Opponents recommend voting NO because:
Rep. DEAL: This bill [fails to] fix the previous legislation that has been vetoed:
Veto message from President Bush:
Like its predecessor, HR976, this bill does not put poor children first and it moves our country's health care system in the wrong direction. Ultimately, our goal should be to move children who have no health insurance to private coverage--not to move children who already have private health insurance to government coverage. As a result, I cannot sign this legislation.
Proponents support voting YES because:
This legislation is an overdue step to improve part D drug benefits. The bipartisan bill is simple and straightforward. It removes the prohibition from negotiating discounts with pharmaceutical manufacturers, and requires the Secretary of Health & Human Services to negotiate. This legislation will deliver lower premiums to the seniors, lower prices at the pharmacy and savings for all taxpayers.
It is equally important to understand that this legislation does not do certain things. HR4 does not preclude private plans from getting additional discounts on medicines they offer seniors and people with disabilities. HR4 does not establish a national formulary. HR4 does not require price controls. HR4 does not hamstring research and development by pharmaceutical houses. HR4 does not require using the Department of Veterans Affairs' price schedule.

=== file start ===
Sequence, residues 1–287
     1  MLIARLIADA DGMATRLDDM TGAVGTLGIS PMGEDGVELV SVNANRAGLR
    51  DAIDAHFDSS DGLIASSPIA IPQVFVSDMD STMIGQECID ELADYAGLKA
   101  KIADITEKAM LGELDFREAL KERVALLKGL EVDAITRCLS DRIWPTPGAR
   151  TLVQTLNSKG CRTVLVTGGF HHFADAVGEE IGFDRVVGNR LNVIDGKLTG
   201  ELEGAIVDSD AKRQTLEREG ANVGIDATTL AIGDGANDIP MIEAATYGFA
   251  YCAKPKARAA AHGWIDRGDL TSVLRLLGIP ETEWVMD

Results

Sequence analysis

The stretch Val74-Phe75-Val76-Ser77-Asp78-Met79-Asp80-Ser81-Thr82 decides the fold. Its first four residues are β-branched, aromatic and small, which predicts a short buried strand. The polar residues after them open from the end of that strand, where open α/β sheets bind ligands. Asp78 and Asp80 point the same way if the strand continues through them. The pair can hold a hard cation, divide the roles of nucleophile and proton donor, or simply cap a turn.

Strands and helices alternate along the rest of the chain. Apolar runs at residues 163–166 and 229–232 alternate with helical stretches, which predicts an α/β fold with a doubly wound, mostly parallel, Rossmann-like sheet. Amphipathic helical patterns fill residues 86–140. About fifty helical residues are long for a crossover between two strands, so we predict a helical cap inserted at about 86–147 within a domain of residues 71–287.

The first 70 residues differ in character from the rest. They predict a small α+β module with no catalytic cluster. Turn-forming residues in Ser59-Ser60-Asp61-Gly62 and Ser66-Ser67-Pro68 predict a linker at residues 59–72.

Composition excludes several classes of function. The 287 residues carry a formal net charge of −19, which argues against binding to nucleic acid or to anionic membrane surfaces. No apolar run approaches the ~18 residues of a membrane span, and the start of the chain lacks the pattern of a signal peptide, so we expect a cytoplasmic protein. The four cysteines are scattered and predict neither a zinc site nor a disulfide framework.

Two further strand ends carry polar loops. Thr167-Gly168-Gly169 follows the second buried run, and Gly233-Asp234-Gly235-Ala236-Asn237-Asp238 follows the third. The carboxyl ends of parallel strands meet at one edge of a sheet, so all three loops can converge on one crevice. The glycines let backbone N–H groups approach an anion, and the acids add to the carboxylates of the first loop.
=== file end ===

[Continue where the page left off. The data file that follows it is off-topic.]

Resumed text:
Opponents support voting NO because:
Does ideological purity trump sound public policy? It shouldn't, but, unfortunately, it appears that ideology would profoundly change the Medicare part D prescription drug program, a program that is working well, a program that has arrived on time and under budget. The changes are not being proposed because of any weakness or defect in the program, but because of ideological opposition to market-based prices. Since the inception of the part D program, America's seniors have had access to greater coverage at a lower cost than at any time under Medicare.
Under the guise of negotiation, this bill proposes to enact draconian price controls on pharmaceutical products. Competition has brought significant cost savings to the program. The current system trusts the marketplace, with some guidance, to be the most efficient arbiter of distribution.